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BookBrowse Reviews Love Stories in This Town by Amanda Eyre Ward

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Love Stories in This Town

by Amanda Eyre Ward

Love Stories in This Town by Amanda Eyre Ward X
Love Stories in This Town by Amanda Eyre Ward
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    Apr 2009, 224 pages

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Book Reviewed by:
Stacey Brownlie
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Twelve stories about love in all of its complexity, absurdity, and glory

Amanda Eyre Ward's first collection of short stories resembles her three previous novels in both tone and focus. The pieces contained in Love Stories in This Town feature female protagonists and engaging supporting characters set in varied and vividly portrayed locations. Ward's stories offer entertaining, light reading punctuated by spurts of messy reality. The mix of heartache and humor, blended with sometimes outlandish circumstances will likely appeal to women, and most especially to those who are mothers.

The collection is presented in two parts. The first and last stories in Part One address responses to the September 11th attacks on the United States. In between these two slightly melancholy, yet quirky pieces are four other stories. One briefly introduces us to a romantically confused young woman in Butte, Montana who works at the local public library. Another draws out the heartbreak of miscarriage by following a couple as they house hunt in Houston, Texas. The final two stories of Part One concern a woman who works for a dot-com startup as she deals with her inability to get pregnant, and a husband and wife as they encounter the enormous change that a child brings to their previously cozy relationship. Each piece draws the reader into dissimilar settings and situations, yet the stories are alike in their subtle wit and their showcasing of life's incongruity and its simple pleasures.

Six chronological stories about a character named Lola comprise the second half of the collection. We follow Lola through an unexpectedly failed romantic relationship to an unplanned but happy marriage and on to a stint of married life very far from home. These events are followed by the question of children and finally the challenges of motherhood. Ward often illuminates Lola's character via her imperfect family ties with her long separated parents and status-conscious mother-in-law. We also get to know Lola through her emotional responses to moving from Montana to Colorado to Saudi Arabia and back to Austin, Texas. This second half of the book can be read almost as a novella and, thankfully, Lola is an interesting enough character to make her repeat visits pleasurable.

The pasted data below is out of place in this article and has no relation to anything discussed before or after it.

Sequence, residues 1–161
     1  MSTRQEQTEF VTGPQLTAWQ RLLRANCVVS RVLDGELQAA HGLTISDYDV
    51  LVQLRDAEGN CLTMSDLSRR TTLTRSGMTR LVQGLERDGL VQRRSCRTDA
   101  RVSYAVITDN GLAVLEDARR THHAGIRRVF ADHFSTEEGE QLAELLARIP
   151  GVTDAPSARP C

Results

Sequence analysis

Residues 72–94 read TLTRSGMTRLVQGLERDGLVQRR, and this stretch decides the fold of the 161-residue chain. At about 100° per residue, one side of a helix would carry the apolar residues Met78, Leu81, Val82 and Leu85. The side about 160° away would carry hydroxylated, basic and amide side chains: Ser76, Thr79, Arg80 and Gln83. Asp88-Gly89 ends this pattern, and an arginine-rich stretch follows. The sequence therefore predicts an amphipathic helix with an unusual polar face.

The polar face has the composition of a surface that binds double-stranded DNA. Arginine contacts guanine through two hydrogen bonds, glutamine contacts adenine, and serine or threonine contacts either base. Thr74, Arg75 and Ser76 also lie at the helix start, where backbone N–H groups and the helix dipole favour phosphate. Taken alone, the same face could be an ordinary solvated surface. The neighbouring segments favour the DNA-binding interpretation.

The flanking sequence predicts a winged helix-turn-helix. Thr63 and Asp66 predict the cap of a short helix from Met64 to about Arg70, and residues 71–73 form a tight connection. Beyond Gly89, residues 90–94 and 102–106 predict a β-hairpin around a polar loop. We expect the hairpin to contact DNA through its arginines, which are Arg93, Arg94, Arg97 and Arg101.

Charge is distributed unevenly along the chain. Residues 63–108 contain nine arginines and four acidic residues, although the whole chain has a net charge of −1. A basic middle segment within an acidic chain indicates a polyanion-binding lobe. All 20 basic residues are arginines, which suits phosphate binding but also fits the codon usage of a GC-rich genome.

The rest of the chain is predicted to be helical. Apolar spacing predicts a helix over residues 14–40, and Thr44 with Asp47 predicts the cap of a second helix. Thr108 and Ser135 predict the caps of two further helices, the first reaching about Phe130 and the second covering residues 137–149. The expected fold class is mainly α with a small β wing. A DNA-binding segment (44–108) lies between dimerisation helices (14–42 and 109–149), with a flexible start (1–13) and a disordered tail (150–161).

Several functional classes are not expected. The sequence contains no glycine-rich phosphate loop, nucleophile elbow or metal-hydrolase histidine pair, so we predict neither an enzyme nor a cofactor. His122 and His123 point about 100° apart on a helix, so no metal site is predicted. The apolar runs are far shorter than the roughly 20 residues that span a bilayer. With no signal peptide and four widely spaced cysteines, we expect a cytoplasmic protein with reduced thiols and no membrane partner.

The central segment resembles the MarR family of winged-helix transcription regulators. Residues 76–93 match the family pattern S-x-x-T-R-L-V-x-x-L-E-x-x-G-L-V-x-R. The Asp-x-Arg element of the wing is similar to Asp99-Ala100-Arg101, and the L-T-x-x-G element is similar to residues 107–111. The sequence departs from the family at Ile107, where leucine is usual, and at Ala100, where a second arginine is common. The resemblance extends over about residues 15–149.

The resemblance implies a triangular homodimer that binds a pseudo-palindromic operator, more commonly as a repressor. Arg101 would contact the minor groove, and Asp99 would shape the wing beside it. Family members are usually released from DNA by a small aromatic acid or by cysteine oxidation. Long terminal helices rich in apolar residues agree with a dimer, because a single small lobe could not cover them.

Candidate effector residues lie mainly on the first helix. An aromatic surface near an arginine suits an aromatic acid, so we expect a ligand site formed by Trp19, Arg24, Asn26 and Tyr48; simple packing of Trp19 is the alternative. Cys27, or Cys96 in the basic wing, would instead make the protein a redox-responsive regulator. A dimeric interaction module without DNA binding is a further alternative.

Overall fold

Several of the collection's stories explore the feminine attempt to juggle maternal, professional and marital roles. The book's leading ladies display successes as well as failures in balancing the disparate responsibilities and desires created by these roles. As the title suggests, Ward also links her characters' feelings and decisions (whether romantic or otherwise) to their physical setting, revealing the connection between physical and mental geography. Ward's emphasis on the tangible characteristics of place also points to the influence a state or a town can have on the intangible parts of our lives.

My complaints against this collection are few. The stories are without question the product of a talented and precise writer. Ward's concentration on common topics for female characters could be viewed as timeless or time-worn, depending on the reader. Though I might have enjoyed a bit more variety to round out the common feminine themes, I am sure that many will readily identify with Ward's fictional women and their universal questions of love, identity and motherhood. As a librarian, I admit to showing personal bias when I say that I was mildly disappointed with the story, "Butte as in Beautiful" in which the main character works at a public library. I truly hoped the presence of "biddies" or the concept that "all the librarians... hate men" would not be part of the plot, but, alas, the modern librarian is still destined to be associated with old stereotypes. This isn't the first time Ward featured libraries or library staff in her fiction, however; one of the primary characters in her novel Sleep Toward Heaven is a librarian whose portrayal I appreciated as admirably realistic.

For me, the primary strength of this book is Ward's quick and tempting pacing that compelled me to stay between the covers just a little longer. I never felt like a story lasted too long or lost its tight structure; Ward has a real talent for finding just the right length and touch for her work. Another notable characteristic of her writing is her ability to weave the absurd realism of our daily lives with weightier topics -- love, loyalty, fear, parenthood, for example. Negative and positive are nearly balanced in these stories and though we cannot expect the same in real life, this evenness makes for hopeful reading. Ward's fiction does not leave us with bleakness, though her stories hint that there is much of it in the non-fiction world.

Reviewed by Stacey Brownlie

This review first ran in the April 22, 2009 issue of BookBrowse Recommends.

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